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Title: Super-resolution imaging of cell-surface Sonic hedgehog multimolecular signalling complexes
Author: Koleva, Mirella
ISNI:       0000 0005 0733 115X
Awarding Body: Imperial College London
Current Institution: Imperial College London
Date of Award: 2014
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Sonic hedgehog is a fascinating protein with great responsibility over the formation and upkeep of our bodies. It is widely studied, not least because dysregulation of the Shh signalling pathway leads to repercussions on human health, such as contraction of cancer. Gaining an understanding of its signalling mechanism is central to inventing preventative measures and treatments against this disease. This thesis focuses on the study of the spatial organisation of Shh multimolecular signalling complexes on the surface of producing cells, and those dispatched in the vicinity of those cells, using high-resolution optical imaging beyond the diffraction limit. With un-precedented resolution, the differences in organisation of Shh pre- and post-release from the surface were characterised, and the influence of the lipid modifications of Shh, namely choles-terol and palmitate, investigated. The main findings were that both lipid adducts are necessary for large-scale multimerisation, but not for the formation of small, sub-diffraction limit oligomers. Together with data I collected about the profile of the clusters' size distributions, I find that electrostatic interactions between the molecules may be the engine driving the multimerisation process. Furthermore, the role of lipid modifications may, at least in part, be to retain Shh on the surface while multimerisation proceeding according to the law of mass action builds upon the small oligomer nucleation sites prepared presumably by the electrostatic interactions in the first place. Other, more indirect lines of evidence again based on the profile of the multimer size distribution insinuated that Shh complexes may not undergo any proteolytic modifications prior to release - contrary to some reports in the literature. The results presented in this thesis are the fruits of a completely fresh and innovative approach to examining Shh, which for the first time delivers concrete dimensional details about the elusive structure of the Shh multimer.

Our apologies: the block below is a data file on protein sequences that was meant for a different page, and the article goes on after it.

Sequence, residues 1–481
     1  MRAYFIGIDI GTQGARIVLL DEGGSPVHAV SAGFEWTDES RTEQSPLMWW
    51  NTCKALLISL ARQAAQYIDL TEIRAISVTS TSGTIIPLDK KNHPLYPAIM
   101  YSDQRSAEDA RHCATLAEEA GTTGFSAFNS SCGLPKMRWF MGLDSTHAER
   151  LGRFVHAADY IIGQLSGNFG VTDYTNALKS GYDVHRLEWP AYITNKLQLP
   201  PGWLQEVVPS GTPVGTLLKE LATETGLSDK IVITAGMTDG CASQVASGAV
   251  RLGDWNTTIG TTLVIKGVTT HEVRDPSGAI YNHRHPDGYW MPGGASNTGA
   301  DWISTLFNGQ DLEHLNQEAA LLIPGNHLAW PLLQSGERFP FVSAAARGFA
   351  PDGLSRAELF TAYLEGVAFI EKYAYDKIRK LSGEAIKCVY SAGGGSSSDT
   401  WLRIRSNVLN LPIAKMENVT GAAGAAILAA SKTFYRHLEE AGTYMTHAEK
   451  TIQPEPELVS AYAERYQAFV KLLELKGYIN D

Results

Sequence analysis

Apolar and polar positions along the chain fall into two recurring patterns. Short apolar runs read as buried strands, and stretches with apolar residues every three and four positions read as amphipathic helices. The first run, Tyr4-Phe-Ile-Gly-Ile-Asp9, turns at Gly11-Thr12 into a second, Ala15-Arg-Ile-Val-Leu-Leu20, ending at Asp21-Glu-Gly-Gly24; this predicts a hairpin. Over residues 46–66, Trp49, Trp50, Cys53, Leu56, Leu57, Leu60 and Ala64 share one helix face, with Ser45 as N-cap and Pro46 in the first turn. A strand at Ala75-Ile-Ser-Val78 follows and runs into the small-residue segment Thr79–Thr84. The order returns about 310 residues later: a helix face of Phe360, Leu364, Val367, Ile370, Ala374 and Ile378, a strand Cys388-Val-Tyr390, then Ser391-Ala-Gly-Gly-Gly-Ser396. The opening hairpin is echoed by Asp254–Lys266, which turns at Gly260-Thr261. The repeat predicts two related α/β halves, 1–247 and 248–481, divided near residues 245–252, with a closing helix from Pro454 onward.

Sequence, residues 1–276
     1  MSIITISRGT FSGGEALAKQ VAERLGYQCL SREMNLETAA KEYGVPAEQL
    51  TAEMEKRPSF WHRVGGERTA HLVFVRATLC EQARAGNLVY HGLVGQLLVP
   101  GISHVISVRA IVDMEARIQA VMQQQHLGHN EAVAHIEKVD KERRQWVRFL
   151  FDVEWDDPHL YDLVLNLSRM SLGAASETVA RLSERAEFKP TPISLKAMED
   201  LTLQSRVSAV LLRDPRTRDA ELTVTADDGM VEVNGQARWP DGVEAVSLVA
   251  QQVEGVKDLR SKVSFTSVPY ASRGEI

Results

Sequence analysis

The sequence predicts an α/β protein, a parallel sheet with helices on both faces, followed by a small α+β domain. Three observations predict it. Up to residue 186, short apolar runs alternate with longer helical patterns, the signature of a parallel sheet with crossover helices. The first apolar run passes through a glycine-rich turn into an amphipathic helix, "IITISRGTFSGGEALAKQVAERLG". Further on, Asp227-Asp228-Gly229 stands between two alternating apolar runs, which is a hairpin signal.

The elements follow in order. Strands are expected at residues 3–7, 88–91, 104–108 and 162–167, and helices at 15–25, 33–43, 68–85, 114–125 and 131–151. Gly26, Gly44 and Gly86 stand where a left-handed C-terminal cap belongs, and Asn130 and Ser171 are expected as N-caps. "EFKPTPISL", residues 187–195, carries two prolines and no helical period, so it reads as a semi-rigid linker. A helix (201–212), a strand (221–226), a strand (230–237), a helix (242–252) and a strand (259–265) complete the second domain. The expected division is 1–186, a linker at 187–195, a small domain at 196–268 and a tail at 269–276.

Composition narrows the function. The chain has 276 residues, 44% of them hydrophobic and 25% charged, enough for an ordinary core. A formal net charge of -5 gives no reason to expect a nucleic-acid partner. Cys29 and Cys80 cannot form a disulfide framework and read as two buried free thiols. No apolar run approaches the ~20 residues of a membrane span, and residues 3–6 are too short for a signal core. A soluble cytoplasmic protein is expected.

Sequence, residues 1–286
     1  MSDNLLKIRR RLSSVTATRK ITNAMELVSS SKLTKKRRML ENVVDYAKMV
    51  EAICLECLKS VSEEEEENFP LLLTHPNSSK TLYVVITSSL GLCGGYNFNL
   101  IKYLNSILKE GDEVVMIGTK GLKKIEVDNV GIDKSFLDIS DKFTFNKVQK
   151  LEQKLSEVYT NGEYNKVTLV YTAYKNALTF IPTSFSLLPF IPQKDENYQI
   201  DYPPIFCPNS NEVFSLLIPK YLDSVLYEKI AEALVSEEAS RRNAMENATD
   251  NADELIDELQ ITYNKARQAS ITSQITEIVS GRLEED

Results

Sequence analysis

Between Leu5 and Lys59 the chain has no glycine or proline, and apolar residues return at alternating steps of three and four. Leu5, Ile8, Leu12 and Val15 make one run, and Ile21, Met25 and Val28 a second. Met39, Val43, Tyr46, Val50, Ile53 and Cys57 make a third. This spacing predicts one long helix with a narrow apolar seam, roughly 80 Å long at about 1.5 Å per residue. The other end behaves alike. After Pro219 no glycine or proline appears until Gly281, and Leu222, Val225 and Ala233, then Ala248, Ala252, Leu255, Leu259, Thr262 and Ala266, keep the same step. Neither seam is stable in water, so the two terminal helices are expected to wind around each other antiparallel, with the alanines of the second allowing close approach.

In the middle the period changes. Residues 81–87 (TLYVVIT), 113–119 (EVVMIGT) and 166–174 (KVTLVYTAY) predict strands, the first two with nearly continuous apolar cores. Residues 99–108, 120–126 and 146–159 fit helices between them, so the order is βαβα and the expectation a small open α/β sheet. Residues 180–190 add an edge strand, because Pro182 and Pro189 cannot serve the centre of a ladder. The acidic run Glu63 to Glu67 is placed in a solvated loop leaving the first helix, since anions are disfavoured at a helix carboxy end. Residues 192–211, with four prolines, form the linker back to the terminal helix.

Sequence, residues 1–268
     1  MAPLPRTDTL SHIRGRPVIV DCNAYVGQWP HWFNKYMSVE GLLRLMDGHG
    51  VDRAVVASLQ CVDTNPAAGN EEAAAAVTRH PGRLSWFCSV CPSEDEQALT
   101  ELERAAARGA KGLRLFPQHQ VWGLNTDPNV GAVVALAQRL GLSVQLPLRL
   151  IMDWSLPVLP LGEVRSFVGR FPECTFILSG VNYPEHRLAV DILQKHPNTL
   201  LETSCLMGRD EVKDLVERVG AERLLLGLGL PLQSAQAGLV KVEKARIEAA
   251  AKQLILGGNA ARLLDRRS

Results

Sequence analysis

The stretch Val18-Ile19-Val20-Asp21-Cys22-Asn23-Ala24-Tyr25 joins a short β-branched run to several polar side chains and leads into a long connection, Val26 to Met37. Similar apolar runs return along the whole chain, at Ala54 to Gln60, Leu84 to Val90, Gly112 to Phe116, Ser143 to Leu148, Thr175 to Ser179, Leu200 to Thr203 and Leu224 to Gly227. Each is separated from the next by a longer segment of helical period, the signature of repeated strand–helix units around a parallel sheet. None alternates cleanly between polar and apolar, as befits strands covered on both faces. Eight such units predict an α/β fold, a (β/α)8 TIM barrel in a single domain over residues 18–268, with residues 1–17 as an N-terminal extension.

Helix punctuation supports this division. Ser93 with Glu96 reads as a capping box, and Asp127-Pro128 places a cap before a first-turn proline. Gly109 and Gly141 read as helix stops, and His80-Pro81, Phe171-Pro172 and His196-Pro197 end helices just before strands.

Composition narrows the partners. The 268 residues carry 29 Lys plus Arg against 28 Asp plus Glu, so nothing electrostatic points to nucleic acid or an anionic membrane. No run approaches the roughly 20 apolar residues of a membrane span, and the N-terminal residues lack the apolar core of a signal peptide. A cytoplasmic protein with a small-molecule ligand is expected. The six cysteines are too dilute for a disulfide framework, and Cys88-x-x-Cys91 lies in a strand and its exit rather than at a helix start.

Supervisor: Neil, Mark; Magee, Anthony Sponsor: Engineering and Physical Sciences Research Council
Qualification Name: Thesis (Ph.D.) Qualification Level: Doctoral